NEWS: "Magic of ancient Egypt" exhibition (Museum of Fine Arts, St.
Magic of ancient Egypt transforms the Museum of Fine Arts, St.
Posted by TANN Breakingnews, Exhibitions, Travel, USA 12:00 PM
This landmark exhibition brings to life one of the greatest
civilizations in the history of the world. Ancient Egypt-Art and
Magic: Treasures from the Fondation Gandur pour l'Art/Geneva, on view
from December 17, 2011-April 29, 2012, spotlights astonishing objects
of every kind. Swiss art collector, philanthropist, and entrepreneur
Jean Claude Gandur has developed one of the world's most important
private collections of Egyptian antiquities.
Mummy cases and sacred works in diverse media, tomb and temple
reliefs, a vignette of the weighing of the heart from the Book of the
Dead, alabaster vessels, and rare objects comprised of precious stones
make this one of the most dramatic shows ever presented at the MFA.
The 101 works demonstrate the genius of ancient craftsmen, and the
magical or spiritual qualities of the objects are revealed at every
The internationally respected Egyptologist Dr. Robert Steven Bianchi
is the guest curator. He introduced the exhibition in a lecture on
Sunday, December 18, at 3 p.m. and afterwards signed copies of the
A magnificent red granite torso of Rameses the Great honors one of the
most celebrated pharaohs in history. A large stele or stone marker
commemorates a cult statue of Rameses III, one of his successors, and
its endowment. Other key works include a tomb relief of the nobleman
Nefer-Hotep, a relief from the Amarna Period from a temple erected
during the reign of the Pharaoh Akhenaten and his wife Nefertiti, and
a fragment from a temple relief paying tribute to Alexander the Great.
A limestone sphinx is similarly impressive. The sphinx, with the head
of a pharaoh and the body of a lion, points to the profound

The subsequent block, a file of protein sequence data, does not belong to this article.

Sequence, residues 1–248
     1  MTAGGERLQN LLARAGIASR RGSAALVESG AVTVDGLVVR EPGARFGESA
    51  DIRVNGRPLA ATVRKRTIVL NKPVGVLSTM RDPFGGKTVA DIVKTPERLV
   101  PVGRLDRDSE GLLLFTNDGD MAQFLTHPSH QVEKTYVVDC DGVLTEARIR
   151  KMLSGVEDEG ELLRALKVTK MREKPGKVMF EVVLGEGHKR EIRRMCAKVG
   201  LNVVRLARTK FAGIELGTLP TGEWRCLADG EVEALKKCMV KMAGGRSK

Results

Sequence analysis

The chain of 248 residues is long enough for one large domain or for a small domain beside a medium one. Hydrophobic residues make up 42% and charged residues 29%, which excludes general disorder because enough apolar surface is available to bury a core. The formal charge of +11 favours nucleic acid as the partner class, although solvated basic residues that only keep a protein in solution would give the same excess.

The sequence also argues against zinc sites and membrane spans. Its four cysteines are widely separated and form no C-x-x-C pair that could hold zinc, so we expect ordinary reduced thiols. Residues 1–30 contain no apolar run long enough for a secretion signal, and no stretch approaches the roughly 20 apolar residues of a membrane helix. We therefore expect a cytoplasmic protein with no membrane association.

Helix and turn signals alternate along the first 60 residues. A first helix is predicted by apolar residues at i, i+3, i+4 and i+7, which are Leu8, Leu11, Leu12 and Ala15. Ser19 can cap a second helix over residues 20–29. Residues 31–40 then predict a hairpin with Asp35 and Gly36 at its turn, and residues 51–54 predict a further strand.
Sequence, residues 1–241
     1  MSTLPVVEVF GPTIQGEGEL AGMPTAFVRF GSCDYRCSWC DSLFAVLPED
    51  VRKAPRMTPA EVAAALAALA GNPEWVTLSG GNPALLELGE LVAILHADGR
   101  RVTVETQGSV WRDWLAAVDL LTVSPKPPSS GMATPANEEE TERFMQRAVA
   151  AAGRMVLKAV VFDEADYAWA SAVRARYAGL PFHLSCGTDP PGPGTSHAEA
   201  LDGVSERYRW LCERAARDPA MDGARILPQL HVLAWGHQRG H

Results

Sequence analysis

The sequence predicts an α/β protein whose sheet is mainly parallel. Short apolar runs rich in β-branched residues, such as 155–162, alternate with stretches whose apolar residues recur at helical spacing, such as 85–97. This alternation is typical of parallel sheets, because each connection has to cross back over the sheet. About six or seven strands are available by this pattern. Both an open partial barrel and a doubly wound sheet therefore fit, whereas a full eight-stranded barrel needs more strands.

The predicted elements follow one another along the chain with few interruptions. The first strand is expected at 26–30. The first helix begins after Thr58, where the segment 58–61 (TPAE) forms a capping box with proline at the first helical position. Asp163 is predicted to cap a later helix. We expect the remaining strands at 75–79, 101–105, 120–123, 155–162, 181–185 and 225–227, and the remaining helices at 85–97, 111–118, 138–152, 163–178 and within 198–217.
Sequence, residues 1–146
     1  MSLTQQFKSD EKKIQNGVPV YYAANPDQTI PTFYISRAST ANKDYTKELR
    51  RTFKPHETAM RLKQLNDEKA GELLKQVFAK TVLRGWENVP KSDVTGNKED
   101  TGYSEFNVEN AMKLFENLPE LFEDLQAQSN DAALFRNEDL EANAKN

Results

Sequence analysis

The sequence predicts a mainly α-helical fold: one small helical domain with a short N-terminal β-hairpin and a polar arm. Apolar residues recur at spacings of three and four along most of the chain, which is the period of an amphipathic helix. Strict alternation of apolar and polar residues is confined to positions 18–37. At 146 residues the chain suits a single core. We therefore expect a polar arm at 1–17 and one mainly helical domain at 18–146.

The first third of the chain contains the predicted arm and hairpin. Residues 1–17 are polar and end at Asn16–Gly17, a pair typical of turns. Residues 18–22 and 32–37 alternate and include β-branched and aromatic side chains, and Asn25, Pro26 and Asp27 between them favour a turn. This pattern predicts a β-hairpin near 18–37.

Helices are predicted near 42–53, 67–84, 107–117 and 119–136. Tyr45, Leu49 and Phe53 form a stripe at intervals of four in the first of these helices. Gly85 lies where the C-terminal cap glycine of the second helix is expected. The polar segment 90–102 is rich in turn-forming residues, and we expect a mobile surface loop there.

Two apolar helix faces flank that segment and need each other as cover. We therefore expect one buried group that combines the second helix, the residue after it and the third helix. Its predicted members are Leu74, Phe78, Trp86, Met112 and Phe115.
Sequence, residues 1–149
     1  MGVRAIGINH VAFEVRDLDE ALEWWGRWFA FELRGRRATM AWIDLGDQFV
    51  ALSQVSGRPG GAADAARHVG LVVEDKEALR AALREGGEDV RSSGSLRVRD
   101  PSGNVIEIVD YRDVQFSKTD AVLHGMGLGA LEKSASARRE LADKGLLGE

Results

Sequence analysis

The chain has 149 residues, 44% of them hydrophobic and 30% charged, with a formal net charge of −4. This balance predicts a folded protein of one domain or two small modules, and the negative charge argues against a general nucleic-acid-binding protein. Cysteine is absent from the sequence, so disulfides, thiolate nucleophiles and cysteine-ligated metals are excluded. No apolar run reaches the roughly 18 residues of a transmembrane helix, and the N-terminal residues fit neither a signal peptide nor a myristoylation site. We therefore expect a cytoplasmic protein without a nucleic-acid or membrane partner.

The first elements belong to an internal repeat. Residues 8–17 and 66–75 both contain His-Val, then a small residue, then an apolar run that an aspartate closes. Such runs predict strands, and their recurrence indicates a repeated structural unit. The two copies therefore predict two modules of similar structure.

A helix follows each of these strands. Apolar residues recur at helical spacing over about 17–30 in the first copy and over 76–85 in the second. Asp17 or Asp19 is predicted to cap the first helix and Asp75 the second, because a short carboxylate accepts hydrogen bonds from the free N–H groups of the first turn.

interrelationship of humans and nature in ancient Egypt. The natural
world was not something apart for the Egyptians, and neither were the
deities, who could take the form of animals and natural forces such as
Ancient Egyptian art centers on transformation, renewal, and eternal
life. These objects were invested with visual and symbolic power.
Hieroglyphics, the ancient Egyptian written language, were, by
themselves, a high form of artistic expression.
The mummy cases or sarcophagi are the largest works in the exhibition.
One is covered in colorful images-like a brilliant painting-and was
designed to honor the status of an unidentified court official and to
assure his eternal life. Another, more than six-and-a-half-feet tall,
includes inlays of alabaster, as well as hieroglyphics, and has a
monumental presence asserting the authority of a certain Hor-Em-Akhet.
This impressive object was in the collection of French fashion
designer Yves Saint Laurent at the time of his death.
"The Museum of Fine Arts, St. Petersburg is proud to bring these
distinguished works of art to America," said MFA Director Kent
Lydecker. "The quality of the objects will be a revelation to scholars
and the public. We are indebted to the Fondation Gandur pour l'Art, to
Dr. Bianchi, and to our exhibition sponsors for making this
extraordinary project possible."
The Magic of Ancient Egyptian Art
Magic and spirituality infused every aspect of Egyptian art. Instead
of providing a chronological survey, Dr. Bianchi has emphasized the
objects' sacred qualities. Priests accompanied the workers to gather
natural materials and conducted specific rituals upon entering and
leaving the quarries.
According to Dr. Bianchi, "for the ancient Egyptians, all stones were
considered to be a privileging material, because they symbolized
eternity, permanence, immutability, and incorruptibility.Any object
created in stone or any text inscribed into stone remained intact and
immune to the agents of time. Stone, possessed of a vital energy, was
alive." Statues of gods and pharaohs possessed their animating spirit.
In antiquity, expeditions to the Red Land-the desert, a place of
chaos, evil, and demons-were ordered by pharaoh. The materials were
returned to the Black Land-named for the rich silt deposited by the
Nile-where the ancient Egyptians lived and thrived.
Craftsmen then converted these raw materials into fascinating and
timeless objects representing cosmic order. The Black Land was the
world of civilization, and the color black signified rebirth. These
objects always had an elevated purpose and meaning, but they can be
appreciated for their sheer beauty alone.
Source: Museum of Fine Arts [December 19, 2011]